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How does your annual cow cost compare?How does your annual cow cost compare?

There’s a big difference in annual cow costs between the top third of producers and the bottom third. And the trend is becoming more pronounced over time.

Nevil Speer

November 20, 2018

1 Min Read
How does your annual cow cost compare?

The Kansas Farm Management Association (KFMA) is one of the largest farm management association programs in the country. Data derived from KFMA is very useful with respect to benchmarking and trends within the beef industry. Many of the participants represent mostly mid-size (including both diversified and full-time) operations and possess a long-standing track record enabling meaningful comparisons over time.

This week’s illustration outlines annual cow costs (both direct and indirect costs) from KFMA categorized by profit segments: low third, middle third and top third, respectively. The graph highlights differences among those groups, but also the cost trends within each group over time.  

Focusing on cow costs, the 2017 analysis reveals that cow-calf operators in the top third profit group had annual cow costs of $944 versus the bottom third group that spent $1,206 per cow – a difference of $262 per cow. Also interesting to note, the top third segment has been able to contain or limit the inevitable increase in annual costs more effectively over time.  

What’s especially important here, KFMA emphasizes production and selling price obviously impact profit – but the largest component in segmenting the differences among these groups are differences in cow costs. That is, the most significant difference among the groups isn’t an advantage/disadvantage in terms of weaning weight or marketing rate or selling price, etc. Rather, the overwhelming driver toward determining the bottom-line – year-in, year-out – revolves around an enterprise’s cost structure.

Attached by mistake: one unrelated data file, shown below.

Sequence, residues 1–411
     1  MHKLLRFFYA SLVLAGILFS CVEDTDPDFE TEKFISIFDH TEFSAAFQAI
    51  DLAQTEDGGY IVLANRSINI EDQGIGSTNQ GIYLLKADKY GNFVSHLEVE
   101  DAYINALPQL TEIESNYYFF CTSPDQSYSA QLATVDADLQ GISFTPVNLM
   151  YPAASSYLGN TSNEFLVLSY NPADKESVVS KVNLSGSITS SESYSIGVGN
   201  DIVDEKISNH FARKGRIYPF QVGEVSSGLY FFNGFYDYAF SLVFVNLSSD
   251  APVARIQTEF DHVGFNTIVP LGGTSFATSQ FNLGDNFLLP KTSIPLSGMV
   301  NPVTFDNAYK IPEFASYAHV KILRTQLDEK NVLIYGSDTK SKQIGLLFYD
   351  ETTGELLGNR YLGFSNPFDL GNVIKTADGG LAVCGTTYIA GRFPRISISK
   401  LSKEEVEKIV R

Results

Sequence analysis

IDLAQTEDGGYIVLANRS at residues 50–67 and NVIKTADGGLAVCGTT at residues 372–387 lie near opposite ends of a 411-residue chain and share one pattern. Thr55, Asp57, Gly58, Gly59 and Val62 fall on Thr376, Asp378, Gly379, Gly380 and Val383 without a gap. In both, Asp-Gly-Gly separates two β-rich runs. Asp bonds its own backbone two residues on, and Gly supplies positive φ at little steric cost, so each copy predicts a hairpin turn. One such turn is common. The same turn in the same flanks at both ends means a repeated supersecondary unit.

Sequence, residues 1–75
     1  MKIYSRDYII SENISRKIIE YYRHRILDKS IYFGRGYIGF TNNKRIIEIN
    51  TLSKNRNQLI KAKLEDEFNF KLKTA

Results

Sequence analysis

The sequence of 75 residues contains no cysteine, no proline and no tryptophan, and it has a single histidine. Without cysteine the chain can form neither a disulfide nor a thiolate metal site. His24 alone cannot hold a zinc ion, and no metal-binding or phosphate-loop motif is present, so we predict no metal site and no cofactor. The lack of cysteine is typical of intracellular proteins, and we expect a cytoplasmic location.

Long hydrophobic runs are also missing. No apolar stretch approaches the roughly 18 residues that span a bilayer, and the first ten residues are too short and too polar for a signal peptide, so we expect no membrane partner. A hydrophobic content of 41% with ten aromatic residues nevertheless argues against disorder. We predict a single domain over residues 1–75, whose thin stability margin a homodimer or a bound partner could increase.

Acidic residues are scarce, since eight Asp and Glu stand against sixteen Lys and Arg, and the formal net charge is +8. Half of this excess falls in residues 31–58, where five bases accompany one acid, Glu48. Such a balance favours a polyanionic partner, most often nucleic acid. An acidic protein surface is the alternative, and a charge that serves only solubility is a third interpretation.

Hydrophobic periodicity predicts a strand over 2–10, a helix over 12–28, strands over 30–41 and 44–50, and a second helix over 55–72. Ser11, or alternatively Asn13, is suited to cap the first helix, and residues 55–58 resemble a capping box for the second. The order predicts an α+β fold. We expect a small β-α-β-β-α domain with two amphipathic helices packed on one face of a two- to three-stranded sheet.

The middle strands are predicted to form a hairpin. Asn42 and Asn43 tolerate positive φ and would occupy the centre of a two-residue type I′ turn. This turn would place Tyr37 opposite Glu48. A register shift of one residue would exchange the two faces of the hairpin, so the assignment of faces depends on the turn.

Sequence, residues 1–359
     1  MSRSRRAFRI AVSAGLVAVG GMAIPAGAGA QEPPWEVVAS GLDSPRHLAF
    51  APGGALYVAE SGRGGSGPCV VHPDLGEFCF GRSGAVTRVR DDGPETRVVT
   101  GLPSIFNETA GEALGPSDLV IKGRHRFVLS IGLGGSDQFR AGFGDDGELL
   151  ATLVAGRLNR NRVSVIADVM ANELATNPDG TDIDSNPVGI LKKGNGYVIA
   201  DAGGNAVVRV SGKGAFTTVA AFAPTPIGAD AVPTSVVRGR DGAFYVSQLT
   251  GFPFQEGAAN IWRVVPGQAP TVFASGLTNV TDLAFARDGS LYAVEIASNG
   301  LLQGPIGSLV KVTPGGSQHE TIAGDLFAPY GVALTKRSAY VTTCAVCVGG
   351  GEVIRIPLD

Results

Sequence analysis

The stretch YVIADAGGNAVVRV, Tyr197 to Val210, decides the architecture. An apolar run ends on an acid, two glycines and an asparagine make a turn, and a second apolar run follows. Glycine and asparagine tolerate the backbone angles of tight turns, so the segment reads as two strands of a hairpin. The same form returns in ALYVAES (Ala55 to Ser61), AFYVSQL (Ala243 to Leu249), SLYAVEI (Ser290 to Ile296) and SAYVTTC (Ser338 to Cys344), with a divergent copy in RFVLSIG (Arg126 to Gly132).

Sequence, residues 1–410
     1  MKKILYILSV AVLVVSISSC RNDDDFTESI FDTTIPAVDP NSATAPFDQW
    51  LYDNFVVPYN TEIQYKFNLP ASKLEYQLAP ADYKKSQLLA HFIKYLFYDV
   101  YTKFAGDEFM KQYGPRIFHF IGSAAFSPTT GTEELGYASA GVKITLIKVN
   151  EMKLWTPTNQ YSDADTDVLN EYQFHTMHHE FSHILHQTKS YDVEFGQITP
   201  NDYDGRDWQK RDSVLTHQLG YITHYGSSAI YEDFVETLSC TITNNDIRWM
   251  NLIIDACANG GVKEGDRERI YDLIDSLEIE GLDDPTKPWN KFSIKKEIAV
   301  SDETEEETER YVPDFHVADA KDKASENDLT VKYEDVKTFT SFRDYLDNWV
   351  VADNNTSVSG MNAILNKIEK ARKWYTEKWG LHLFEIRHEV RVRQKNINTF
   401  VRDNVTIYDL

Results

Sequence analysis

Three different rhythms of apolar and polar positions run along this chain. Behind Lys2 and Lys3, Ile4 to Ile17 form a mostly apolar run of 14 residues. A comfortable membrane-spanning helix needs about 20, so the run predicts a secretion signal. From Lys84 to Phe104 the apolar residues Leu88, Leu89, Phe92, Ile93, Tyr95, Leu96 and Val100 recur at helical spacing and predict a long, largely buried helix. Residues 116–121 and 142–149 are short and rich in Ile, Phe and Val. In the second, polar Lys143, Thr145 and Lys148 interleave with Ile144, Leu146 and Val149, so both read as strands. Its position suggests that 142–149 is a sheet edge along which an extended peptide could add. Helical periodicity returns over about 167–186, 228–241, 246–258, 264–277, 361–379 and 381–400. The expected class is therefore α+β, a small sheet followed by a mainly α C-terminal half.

Related:What’s the difference between low cost and high return cow-calf producers?

How do your cow costs compare to those outlined from the KFMA data? What are you biggest concerns or focus areas to reduce costs going forward? Leave your thoughts in the comments section below.  

Nevil Speer serves as an industry consultant and is based in Bowling Green, KY. Contact him at [email protected].

About the Author(s)

Nevil Speer

Nevil Speer serves as an industry consultant and is based in Bowling Green, KY.

Nevil Speer has extensive experience and involvement with the livestock and food industry including various service and consultation projects spanning such issues as market competition, business and economic implications of agroterrorism, animal identification, assessment of price risk and market volatility on the producer segment, and usage of antibiotics in animal agriculture.
Dr. Speer writes about many aspects regarding agriculture and the food industry with regular contribution to BEEF and Feedstuffs.  He’s also written several influential industry white papers dealing with issues such as changing business dynamics in the beef complex, producer decision-making, and country-of-origin labeling.
He serves as a member of the Board of Directors for the National Institute for Animal Agriculture.
Dr. Speer holds both a PhD in Animal Science and a Master’s degree in Business Administration.

Contact him at [email protected].

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